This is Life 101 - Required re4ading for EVERYONE with a pulse., February 14, 2007
 
Reviewer: Robert Fleege "fleege.com" (San Francisco, CA United States) - See all my reviews
(REAL NAME)   

What a great book. You will love the authors connection through his creative and easy to understand language. You get the feel throughout that the author doesnt try to impress you but rather provide honest advice based on both experience and research. No doubt, hands down the best and most enjoyable financial book available. The value of this book over a lifetime is immeasurable. Thank you.

 Comment | Was this review helpful to you?  YesNo (Report this)


 


 

1 of 1 people found the following review helpful:

Public schools should pass these out before Math texts!, April 23, 2006
 

Reviewer: M. Smith "NE NY farmer" (Champlain Valley, NY) - See all my reviews
(REAL NAME)   

I picked this book up at the library and did take my time over it (renewed once) but that is after reading the first few main chapters. Ane reading other stuff inbetween. It IS easy to become more financially set. To save money, live with a reasonably priced car and house (below your "means") and bank the differences. Short term deferment results in long term gain, don't keep up with the Joneses. Timeless quotes are given from experts through history. Humor makes this a good read.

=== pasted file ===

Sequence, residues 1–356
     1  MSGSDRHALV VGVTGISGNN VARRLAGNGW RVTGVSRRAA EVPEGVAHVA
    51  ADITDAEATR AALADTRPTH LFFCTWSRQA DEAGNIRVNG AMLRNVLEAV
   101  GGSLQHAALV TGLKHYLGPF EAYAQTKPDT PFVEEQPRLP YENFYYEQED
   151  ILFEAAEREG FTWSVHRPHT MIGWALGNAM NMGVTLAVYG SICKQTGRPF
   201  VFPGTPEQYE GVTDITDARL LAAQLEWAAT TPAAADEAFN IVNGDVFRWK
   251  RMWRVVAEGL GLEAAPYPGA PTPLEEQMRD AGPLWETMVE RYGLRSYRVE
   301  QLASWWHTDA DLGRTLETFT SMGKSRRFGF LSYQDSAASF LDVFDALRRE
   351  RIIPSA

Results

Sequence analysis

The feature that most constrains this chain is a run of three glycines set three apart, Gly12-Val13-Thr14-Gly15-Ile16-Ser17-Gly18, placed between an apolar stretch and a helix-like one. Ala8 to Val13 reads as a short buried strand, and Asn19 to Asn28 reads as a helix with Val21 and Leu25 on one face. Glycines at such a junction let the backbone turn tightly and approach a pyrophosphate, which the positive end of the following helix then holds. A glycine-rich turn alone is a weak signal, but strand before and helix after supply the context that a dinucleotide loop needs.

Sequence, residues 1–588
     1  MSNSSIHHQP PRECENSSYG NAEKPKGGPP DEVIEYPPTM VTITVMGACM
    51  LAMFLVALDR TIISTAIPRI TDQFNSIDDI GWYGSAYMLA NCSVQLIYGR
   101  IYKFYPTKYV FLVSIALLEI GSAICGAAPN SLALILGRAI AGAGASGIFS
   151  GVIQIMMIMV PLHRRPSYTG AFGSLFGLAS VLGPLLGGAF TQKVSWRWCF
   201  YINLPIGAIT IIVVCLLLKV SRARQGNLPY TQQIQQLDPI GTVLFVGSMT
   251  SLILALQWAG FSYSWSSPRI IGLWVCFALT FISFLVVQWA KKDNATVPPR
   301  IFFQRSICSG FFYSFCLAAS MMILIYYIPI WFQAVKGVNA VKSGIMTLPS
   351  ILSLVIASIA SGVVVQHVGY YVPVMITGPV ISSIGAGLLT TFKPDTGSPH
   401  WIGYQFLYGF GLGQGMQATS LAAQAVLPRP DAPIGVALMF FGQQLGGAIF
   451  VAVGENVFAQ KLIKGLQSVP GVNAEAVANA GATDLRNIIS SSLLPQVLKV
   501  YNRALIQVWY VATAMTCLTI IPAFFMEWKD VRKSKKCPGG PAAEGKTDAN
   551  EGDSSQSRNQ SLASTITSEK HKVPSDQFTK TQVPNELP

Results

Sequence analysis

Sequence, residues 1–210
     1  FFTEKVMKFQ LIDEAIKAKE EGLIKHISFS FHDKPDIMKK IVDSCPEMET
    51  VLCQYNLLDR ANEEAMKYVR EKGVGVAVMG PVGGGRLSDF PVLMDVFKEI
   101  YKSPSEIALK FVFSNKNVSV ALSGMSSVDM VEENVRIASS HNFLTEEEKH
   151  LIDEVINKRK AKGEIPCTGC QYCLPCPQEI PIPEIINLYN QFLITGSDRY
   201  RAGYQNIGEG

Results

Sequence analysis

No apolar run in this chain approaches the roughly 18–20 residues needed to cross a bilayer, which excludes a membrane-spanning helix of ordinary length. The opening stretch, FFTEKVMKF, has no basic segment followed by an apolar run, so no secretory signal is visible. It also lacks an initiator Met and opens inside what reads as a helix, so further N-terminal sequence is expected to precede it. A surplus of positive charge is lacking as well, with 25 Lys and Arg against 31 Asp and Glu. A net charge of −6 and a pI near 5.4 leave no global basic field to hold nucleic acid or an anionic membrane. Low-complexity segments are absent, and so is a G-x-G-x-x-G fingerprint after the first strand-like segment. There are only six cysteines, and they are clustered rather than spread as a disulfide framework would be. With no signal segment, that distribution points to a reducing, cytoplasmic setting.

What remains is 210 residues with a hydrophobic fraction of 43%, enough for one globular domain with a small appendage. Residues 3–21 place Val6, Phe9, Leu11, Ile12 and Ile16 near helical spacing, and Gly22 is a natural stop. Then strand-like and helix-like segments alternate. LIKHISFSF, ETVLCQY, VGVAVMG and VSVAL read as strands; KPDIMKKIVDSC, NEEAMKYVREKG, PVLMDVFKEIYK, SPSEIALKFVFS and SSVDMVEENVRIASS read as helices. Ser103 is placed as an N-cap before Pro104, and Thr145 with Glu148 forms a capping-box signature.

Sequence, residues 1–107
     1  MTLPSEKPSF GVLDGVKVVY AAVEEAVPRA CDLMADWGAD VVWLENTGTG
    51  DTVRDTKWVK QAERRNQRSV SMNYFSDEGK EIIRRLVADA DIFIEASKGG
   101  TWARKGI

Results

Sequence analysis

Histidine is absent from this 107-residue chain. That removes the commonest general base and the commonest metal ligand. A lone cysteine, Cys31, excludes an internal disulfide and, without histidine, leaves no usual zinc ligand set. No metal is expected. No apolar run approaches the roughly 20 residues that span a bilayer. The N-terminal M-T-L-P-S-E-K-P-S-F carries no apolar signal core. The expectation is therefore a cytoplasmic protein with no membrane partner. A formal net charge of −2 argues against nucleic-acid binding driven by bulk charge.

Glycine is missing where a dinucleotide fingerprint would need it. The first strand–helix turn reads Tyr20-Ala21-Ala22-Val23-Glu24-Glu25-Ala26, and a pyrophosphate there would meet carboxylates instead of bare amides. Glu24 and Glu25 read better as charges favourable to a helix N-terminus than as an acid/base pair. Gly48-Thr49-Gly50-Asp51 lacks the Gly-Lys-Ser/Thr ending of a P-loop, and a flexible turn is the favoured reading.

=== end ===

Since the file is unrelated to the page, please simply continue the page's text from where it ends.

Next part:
Basic math classes in our public schools would do us a world of good if they just taught these basic concepts!!! But it took me to age 40 (like the author) to learn this. Do I really need all this junk in my life?

Definitely a good graduation present for any young person -- if they read it. I know in my head that putting a little away each pay will add up, but it is that immediate gratification that can ruin such a plan. Any intelligent person will see the basic, logical reasoning given here. I hope people can be persuaded to put it into practice. Yes, you can cut up your credit cards, or at least pay them off monthly. Thank you for a great book! P.S. Buying this on the gooddebt website will give a donation to childrens' autism research.

 Comment | Was this review helpful to you?  YesNo (Report this)


 


 

1 of 2 people found the following review helpful:

Good Debt, Bad Debt, September 29, 2005
 

Reviewer: J. Johnson (Illinois) - See all my reviews
(REAL NAME)